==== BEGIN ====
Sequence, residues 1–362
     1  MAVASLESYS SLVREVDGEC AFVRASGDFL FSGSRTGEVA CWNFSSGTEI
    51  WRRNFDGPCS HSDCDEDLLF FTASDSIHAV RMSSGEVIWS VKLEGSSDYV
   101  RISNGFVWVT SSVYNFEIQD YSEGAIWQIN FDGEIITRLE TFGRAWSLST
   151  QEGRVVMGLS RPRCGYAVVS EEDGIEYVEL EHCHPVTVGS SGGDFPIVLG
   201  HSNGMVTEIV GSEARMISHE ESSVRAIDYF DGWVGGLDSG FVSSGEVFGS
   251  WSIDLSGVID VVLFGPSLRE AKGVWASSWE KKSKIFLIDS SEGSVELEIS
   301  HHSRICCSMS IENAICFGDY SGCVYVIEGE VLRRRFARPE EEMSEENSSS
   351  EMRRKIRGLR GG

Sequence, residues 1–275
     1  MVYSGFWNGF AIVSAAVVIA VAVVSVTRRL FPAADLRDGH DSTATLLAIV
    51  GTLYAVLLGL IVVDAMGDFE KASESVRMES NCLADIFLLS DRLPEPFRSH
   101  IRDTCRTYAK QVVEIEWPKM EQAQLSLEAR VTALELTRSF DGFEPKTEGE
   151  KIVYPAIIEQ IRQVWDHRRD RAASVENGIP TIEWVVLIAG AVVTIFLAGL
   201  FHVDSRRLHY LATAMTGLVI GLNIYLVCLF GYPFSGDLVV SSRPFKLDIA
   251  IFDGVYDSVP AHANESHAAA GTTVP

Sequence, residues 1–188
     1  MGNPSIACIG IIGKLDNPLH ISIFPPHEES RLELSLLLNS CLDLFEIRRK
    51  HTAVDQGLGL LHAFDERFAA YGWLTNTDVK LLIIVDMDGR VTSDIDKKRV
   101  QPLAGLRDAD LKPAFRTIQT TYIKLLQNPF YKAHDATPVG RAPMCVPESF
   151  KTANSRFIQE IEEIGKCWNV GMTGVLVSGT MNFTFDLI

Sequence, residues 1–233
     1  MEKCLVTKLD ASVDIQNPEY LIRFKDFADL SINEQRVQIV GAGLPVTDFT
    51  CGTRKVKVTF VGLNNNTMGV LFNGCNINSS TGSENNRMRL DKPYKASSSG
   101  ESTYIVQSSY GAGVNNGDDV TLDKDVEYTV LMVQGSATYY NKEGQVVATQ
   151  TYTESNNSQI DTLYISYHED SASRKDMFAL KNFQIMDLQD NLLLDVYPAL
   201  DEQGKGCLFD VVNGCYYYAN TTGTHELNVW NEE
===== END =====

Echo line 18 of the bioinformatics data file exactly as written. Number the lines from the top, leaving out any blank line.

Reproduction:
     1  MGNPSIACIG IIGKLDNPLH ISIFPPHEES RLELSLLLNS CLDLFEIRRK